When I first share with my ninth graders that peer review will be part of our writing process, the response is almost universally negative. Unfortunately, many of my writers have not had the best experience with this activity.
My stronger writers say that they almost never receive feedback that goes beyond basic conventions, while my emerging writers say they feel a lack of confidence in providing feedback beyond basic conventions. This frustration should be no surprise: As educators, we recognize that effective teaching is a complex skill that requires deliberate practice. Likewise, when we ask students to give each other feedback, this too is more complex than simply exchanging papers and locating errors.
To make peer feedback more focused and meaningful, I’ve found it helpful to define quality feedback, provide structured routines, and teach feedback as I would any other core skill.
Defining Effective Feedback
In my experience, few high school freshmen have mastered the conventions of writing well enough to function as reliable editors. For this reason, I direct my students to reflect upon each other’s work—not correct it.
My students focus on idea development, clarity, and arrangement to make sense of the writer’s text. Of course, scrambled grammar can impact a reader’s experience, but rather than have them try to correct a peer’s confounding syntax with editing marks, I ask students to write full sentences to one another:
- This is confusing because I cannot follow your topic.
- I am confused about who “they” are in this sentence.
- Explain a little more about why you chose this example from the text.
- I like how you repeated key words from your hook here in your conclusion.
I also offer kids a specific acronym to remember what constitutes quality feedback: SPARK. For feedback to be useful to a writer, it should meet as many of these criteria as possible:
- Specific: Comments are linked to a discrete word, phrase, or sentence.
- Prescriptive: Like a medical prescription that aims to solve an ailment, prescriptive feedback offers a solution or strategy to improve the work, including possible revisions or links to helpful resources or examples.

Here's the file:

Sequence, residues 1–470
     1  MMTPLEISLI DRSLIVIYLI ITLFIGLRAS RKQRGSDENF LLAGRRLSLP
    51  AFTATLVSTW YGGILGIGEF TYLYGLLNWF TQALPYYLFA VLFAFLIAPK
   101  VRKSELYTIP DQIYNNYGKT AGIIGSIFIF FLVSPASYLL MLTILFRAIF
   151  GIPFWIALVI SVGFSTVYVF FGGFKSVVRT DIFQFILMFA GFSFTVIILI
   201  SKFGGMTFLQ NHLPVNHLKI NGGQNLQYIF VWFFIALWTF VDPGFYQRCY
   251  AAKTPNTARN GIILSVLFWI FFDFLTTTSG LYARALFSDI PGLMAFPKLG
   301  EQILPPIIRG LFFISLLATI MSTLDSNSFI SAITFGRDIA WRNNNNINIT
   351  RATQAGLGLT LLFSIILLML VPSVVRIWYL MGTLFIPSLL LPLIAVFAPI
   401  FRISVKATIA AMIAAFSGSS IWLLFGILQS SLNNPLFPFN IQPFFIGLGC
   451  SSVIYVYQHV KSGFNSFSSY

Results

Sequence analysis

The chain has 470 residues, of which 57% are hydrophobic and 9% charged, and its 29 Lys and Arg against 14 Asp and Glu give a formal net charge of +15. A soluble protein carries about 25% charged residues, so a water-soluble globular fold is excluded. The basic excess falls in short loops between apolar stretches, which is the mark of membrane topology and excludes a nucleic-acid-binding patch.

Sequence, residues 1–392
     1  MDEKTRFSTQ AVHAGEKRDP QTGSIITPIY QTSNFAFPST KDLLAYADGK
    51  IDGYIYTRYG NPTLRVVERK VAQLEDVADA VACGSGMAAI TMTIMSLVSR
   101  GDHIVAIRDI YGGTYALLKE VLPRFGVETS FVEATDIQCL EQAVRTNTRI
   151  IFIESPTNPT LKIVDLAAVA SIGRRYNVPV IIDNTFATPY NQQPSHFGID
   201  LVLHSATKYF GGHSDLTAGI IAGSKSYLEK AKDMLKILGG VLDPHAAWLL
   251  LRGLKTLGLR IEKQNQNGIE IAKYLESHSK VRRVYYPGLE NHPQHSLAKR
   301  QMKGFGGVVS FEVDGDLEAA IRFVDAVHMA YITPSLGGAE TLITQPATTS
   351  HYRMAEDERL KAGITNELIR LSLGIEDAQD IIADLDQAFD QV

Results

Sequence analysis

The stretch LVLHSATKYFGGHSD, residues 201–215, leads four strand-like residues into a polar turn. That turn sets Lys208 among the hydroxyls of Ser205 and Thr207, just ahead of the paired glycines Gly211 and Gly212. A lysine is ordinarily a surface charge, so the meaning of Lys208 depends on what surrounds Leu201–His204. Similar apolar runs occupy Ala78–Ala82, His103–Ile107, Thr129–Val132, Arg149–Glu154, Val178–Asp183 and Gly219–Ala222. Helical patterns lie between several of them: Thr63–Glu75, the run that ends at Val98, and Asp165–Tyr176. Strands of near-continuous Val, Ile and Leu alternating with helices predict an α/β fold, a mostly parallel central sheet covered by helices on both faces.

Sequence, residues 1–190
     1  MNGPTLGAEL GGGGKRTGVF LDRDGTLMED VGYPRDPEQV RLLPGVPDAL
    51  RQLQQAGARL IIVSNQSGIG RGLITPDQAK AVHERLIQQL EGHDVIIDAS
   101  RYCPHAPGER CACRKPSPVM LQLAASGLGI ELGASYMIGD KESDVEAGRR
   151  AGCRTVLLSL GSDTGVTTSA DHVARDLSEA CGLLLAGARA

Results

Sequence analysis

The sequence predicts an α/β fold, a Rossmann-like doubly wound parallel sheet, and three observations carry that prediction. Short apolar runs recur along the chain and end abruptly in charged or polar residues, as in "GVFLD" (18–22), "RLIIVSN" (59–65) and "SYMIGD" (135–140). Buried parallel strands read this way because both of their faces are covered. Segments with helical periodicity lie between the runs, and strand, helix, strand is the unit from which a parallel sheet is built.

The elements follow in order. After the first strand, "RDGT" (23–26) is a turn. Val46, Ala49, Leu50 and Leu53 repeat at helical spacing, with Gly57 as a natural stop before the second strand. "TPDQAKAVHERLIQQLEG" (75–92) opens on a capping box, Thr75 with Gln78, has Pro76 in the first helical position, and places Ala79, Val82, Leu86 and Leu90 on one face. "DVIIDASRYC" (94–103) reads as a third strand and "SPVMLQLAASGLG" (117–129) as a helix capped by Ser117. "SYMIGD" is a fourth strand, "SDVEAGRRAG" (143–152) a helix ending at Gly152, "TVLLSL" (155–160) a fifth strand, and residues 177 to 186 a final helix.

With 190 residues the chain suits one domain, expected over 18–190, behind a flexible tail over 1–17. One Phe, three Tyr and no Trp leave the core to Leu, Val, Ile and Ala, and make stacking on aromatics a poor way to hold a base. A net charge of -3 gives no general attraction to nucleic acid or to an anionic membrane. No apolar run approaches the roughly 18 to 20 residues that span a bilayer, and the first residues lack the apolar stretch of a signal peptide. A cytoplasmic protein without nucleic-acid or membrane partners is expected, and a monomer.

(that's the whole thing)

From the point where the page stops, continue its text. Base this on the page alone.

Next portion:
- Actionable: When the feedback is read, it leaves the peer knowing what steps to take for improvement.
- Referenced: The feedback directly references the task criteria, requirements, or target skills.
- Kind: It’s mandatory that all comments be framed in a kind, supportive way.
Some groups I’ve taught took to SPARK quickly, while others have needed more practice. For these groups, I create student-friendly versions of a consultancy protocol or tuning protocol to ensure focused discourse, allowing room for all voices.
I also set a guideline for a minimum number of quality comments, but I tell students that less is often more.
Modeling SPARK Feedback
As with any other skill I teach, I begin by modeling SPARK feedback on sample student writing. I interact with students, explaining my thought process as they help pinpoint what about a text is effective or ineffective, as well as how to offer quality SPARK-based comments. From there, as a class we examine other example feedback statements before evaluating their potential usefulness to a writer.
To also give students the chance to practice giving feedback independently, I distribute the same example paragraph. We use group and class discussions to share the variety of feedback offered.
When it’s time for live peer review, I assess performance by giving students feedback on their feedback. After that, students share particularly useful examples. Before students leave class, they share on exit tickets what they feel was the best feedback they offered, as well as the best feedback they received.
In the end, good peer review should provide the writer with meaningful information for improvement, while developing the reviewer’s ability to analyze a text’s effectiveness.